Oklahoma State University


Carbon Sequestration and Greenhouse Gas OffsetsCarbon Sequestration and Greenhouse Gas Offsets - Switchgrass - Plant & Soil Sciences

The soil carbon content of cropland soils has been reduced through long-term cultivation. Cultivation enhances soil aeration and accelerates the break down of soil organic matter, the main source of soil carbon. Growing switchgrass provides an opportunity to sequester carbon in soil because tillage is removed from the system. Also, perennial grasses such as switchgrass can deposit organic matter deep within the soil profile as roots expand into the subsoil for nutrients and water.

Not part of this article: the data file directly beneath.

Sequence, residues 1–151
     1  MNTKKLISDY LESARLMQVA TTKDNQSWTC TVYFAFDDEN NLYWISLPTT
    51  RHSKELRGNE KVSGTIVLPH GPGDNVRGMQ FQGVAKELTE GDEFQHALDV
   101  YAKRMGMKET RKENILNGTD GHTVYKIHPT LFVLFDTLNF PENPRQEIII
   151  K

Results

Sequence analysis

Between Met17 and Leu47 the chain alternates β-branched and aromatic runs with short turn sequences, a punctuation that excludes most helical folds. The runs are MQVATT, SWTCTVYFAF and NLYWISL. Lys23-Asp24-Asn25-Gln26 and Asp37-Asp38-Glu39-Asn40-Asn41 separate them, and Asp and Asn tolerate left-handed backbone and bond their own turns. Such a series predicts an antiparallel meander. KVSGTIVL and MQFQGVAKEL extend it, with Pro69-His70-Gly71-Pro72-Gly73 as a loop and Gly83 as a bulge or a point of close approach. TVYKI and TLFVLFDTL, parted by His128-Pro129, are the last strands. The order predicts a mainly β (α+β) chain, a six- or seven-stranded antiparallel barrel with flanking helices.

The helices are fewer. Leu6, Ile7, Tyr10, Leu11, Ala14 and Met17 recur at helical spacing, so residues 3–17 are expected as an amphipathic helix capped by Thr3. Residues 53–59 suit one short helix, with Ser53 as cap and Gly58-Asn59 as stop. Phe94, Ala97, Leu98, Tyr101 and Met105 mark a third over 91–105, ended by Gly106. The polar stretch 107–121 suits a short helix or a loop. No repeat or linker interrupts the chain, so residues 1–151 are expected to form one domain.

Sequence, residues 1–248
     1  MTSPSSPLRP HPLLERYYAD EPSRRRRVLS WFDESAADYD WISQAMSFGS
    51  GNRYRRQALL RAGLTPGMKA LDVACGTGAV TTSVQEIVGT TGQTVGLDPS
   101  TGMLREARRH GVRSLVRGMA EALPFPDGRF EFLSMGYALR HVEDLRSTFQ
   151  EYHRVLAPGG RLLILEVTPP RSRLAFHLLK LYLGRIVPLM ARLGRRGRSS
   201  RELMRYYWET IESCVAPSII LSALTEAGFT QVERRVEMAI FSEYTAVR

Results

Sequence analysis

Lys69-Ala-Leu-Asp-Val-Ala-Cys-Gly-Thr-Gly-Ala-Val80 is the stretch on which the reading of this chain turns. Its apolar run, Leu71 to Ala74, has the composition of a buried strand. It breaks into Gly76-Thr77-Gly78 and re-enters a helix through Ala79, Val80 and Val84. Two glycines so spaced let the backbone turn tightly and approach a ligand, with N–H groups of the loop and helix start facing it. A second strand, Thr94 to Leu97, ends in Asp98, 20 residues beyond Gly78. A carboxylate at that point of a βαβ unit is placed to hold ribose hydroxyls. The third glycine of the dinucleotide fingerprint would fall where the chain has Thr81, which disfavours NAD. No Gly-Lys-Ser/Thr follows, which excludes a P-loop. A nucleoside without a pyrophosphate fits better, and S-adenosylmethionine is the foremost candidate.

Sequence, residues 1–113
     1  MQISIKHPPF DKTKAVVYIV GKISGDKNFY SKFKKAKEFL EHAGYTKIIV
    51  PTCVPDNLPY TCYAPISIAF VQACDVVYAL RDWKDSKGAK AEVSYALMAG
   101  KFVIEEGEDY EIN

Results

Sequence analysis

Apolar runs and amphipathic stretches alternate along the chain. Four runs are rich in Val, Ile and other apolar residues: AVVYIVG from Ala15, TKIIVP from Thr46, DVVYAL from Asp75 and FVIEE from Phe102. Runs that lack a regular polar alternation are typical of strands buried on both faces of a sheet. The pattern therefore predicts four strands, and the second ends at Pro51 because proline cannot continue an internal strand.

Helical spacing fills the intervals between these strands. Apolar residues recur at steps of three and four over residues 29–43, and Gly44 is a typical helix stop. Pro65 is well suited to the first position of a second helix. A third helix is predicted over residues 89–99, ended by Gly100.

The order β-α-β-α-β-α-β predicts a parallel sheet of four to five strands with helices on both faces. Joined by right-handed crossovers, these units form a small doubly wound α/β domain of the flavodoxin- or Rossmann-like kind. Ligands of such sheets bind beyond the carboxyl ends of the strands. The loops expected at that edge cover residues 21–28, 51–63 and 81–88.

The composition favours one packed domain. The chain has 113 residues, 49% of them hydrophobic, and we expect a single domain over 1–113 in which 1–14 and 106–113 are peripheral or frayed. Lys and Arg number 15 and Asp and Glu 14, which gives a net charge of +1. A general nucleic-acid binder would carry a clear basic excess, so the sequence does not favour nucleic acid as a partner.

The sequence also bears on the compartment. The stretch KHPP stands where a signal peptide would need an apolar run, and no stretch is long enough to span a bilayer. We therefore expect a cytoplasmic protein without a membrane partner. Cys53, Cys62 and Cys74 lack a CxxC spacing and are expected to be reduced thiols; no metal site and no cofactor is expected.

Sequestration of carbon in soils removes CO2 from the atmosphere, which is considered a greenhouse gas contributing to global climate change. Its reduction in the atmosphere is one benefit of utilizing switchgrass as a fuel source to offset CO2 emissions from the combustion of fossil fuels. Much of the offset results from the fact that ethanol use reduces gasoline combustion. However, some CO2 offset results from sequestration of carbon in soils, particularly in soils cultivated prior to switchgrass establishment. Establishment of switchgrass on Conservation Reserve Program (CRP) land or rangeland, results in little or no net increased soil carbon sequestration because these systems contain relatively high levels of soil carbon; therefore, carbon accumulation is limited compared to previously cultivated land.

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